NJ State Senator Mike Testa comes to Rowan

Mike Testa answers a question from Rowan University College Republicans President Eric Holmes. - Contributor / Donald Yamasaki

GLASSBORO, N.J. – On Wednesday, March 1, New Jersey State Senator Mike Testa (R) came to speak at an event hosted by the Rowan University College Republicans. 

Testa is a Republican who represents the first district of New Jersey in the State Senate. This covers Cape May County and parts of Cumberland County and Atlantic County. He is on three committees which include the Joint Committee on the Judiciary, Public Schools and the Budget and Appropriations committee.

Testa talked about a variety of different political issues on which he gave his views on. He shared how his career developed and opened the floor up for questions. The question period started off with a discussion about transgender athletes in high school sports.

He sponsored a bill called the “Fairness in Women’s Sports Act” which would require, “participation in school-sanctioned sports be based on biological sex at birth.”

“Biological females shouldn’t be allowed to compete against biological males,” Testa said.

He brought up collegiate trans swimmer Lia Thomas to further discuss his point, stating that “You can’t run away from DNA.”

He then moved on to “woke” culture and what he called the, “Twittersphere” where he talked about people on social media creating dangerous narratives without having thorough knowledge on the subject. 

One point Testa was passionate about was the recent rise of antisemitism. He made reference to NBA star Kyrie Irving’s controversial posting of a movie that pushes antisemitic rhetoric. Testa said that his grandparents met while in a concentration camp.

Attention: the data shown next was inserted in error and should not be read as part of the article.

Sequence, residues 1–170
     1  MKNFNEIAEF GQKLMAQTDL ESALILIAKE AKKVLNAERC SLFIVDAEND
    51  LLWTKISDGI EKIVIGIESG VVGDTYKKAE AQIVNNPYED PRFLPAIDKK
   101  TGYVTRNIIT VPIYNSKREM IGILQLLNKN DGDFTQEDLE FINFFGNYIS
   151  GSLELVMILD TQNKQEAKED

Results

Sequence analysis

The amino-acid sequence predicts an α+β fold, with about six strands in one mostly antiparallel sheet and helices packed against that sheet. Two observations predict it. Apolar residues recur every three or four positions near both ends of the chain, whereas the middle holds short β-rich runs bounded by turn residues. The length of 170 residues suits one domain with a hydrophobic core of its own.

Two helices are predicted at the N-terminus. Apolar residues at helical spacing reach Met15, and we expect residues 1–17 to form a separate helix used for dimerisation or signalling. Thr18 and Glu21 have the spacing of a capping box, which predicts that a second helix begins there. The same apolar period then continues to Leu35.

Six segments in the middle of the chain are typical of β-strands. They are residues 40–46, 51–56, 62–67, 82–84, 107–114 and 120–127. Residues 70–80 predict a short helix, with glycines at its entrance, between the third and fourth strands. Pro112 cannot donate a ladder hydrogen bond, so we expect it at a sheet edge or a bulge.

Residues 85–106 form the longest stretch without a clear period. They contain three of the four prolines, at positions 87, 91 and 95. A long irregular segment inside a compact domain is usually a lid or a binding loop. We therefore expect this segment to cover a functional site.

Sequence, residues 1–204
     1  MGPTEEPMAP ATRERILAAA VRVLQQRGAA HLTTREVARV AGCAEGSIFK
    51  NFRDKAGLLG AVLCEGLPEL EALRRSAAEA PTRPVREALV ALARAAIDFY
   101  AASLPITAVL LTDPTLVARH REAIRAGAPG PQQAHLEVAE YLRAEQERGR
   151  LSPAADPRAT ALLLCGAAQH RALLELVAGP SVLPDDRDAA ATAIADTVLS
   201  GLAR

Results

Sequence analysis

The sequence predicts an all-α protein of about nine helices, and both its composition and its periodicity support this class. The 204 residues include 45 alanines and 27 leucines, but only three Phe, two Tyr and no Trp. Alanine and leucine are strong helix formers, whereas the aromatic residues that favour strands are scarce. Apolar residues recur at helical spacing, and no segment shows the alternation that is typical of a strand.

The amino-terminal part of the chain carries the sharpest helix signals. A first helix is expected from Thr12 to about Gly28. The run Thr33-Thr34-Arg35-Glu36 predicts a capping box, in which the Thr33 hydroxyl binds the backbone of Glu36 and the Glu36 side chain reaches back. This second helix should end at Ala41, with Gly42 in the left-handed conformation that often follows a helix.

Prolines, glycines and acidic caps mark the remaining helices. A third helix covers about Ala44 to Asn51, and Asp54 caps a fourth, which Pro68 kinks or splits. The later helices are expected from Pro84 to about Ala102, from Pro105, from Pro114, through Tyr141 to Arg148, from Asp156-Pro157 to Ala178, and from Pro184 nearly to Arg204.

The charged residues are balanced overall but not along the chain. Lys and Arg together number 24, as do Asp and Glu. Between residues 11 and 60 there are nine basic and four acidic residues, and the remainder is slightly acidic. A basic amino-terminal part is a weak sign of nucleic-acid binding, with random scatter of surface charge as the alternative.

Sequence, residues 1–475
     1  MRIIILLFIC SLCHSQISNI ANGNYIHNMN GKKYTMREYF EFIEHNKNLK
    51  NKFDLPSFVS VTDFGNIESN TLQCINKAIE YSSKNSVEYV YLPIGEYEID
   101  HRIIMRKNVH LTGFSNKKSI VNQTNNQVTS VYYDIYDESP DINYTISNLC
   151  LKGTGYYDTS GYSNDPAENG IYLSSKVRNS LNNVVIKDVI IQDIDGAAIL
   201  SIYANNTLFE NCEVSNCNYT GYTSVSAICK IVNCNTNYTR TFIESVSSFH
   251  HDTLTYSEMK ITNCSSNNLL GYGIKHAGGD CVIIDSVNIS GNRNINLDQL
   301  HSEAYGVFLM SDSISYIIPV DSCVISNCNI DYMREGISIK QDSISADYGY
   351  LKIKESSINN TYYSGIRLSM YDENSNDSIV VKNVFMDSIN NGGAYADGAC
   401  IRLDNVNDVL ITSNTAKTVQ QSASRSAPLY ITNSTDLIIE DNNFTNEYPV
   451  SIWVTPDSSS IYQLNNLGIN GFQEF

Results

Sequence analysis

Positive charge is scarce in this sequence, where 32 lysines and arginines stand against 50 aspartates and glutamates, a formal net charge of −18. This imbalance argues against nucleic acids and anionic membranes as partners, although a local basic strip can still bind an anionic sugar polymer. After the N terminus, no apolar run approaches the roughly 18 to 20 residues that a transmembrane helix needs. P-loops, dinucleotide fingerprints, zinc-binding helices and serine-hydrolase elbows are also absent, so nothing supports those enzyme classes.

During his time he also discussed a bill he sponsored that revolves around health care called, “Michelle’s Law,” as well as COVID-19 and vaccines, the New Jersey budget, media literacy, Gov. Murphy’s new electric vehicle plan and drugs. 

Finally, Testa was asked about his opinion on if Central Jersey existed. Testa answered that he did believe in Central Jersey and he was met with a roaring round of applause from the crowd. The question seemed to be satirical, but nonetheless, the audience was enthused. 

The event was attended primarily by members of the Rowan University College Republicans organization and was organized by the organization as well.

“There is a lot of work that goes into it. But here it’s always easy to work with a politician like him, Ed Durr, even Bill Spadea that we had, they’re always really easy to work with,” said Rowan University College Republicans President Eric Holmes said,

The event lasted two hours and ended with Testa taking pictures with members of the audience. 

“I mean, this past week has been really stressful just trying to get like questions made and all the logistics and all that and really worried about the turnout but it’s been really inspiring to see so many people here in the event, so many people interested in his speech,” vice president of the club, Vikas Addanki, said. “It was great to see how long he talked for. I did not expect it to go that long. And it was great to see how engaged he was and how interactive he was with everyone.”

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